According to a pair of preliminary research from South Africa this week, the Omicron variant of the COVID-19 is spreading two times quicker than the Delta variant and maybe three times as possible to reinfect those previously recovered from the virus. Furthermore, the initial statistics from nine South African provinces reveal that the new variant spread more significantly than twice as faster as the delta variant, according to South African Coronavirus Modelling Consortium numbers.
In addition, Pearson told the New York Times that scientists are not sure whether the quick spread of the Omicron variant is predominantly because of its infectious status or ability to oppose the immune system. However, it added that it is still possible that the new variant might even be less contagious than Delta. On Thursday, South African scientists assessed that Omicron is at least three times more possibly to reinfect people who previously recovered from the virus than formerly known variants.
The slope of this trend tells us how fast Omicron takes over from Delta and is also equal to the difference in their growth rate. That works out at 0.39 [0.29-0.48] 95% CLs. Multiply this growth rate advantage by the generation time of the virus and exponentiate it and… pic.twitter.com/WogYmsGc8Z
— Tom Wenseleers (@TWenseleers) December 2, 2021
They also cited a significant surge in the rate of COVID-19 infection during the most recent wave of the country. Moreover, the latest coronavirus variant accounted for around seventy-three percent of all sequenced genomes from positive coronavirus tests in the country in November, according to the figures of the National Institute for Communicable Diseases of South Africa. However, a small part of samples from tests are sequenced every week.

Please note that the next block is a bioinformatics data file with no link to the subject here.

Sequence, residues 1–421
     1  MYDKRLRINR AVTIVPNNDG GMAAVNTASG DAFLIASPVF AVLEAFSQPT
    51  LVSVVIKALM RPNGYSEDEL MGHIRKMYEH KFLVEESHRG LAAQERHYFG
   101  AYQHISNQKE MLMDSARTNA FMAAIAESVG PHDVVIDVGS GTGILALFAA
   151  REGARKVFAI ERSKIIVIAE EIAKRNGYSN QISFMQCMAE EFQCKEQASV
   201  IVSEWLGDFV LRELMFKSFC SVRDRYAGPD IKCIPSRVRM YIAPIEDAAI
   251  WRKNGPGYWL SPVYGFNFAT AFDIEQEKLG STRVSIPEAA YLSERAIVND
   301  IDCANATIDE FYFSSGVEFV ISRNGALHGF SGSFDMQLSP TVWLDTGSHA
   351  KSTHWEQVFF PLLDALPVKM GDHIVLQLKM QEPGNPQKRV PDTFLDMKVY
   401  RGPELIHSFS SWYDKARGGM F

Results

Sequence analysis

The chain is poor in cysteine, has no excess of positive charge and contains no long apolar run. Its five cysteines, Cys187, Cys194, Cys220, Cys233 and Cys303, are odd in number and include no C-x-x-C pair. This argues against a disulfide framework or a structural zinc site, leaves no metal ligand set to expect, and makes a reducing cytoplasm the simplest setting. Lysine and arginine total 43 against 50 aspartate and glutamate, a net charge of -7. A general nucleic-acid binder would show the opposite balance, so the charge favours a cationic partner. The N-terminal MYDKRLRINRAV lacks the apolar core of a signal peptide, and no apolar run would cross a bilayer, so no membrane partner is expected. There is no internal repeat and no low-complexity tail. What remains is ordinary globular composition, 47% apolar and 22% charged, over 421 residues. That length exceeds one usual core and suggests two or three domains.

New Coronavirus Cases Surged in South Africa after Omicron Detected
South Africa reported around sixteen thousand and fifty-five coronavirus cases on Friday, increasing from eleven thousand, five hundred and thirty-five on Thursday. Coronavirus cases rushed in the country since the Omicron variant was initially detected in southern Africa on 25th November. So, the World Health Organization (WHO) considered Omicron a variant of concern shortly after it explained the severity and transmissibility of the virus resulting from the variant remain unclear.
Some scientists are hopeful that current coronavirus vaccines will offer strong protection against the variant: NCID said in a Thursday report. However, the new variant may be able to evade some immune protection. Less than twenty-five percent of South African nationals received full vaccination doses against the COVID-19, according to the recent figures from Oxford University’s Our World in Data project. Furthermore, the United States reported its confirmed Omicron case on Wednesday and reported cases in six different states. It is unclear whether the cases will surge in the U.S. as they have in South Africa as Omicron spreads.
Read Also: What Makes Omicron Different from Other Variants?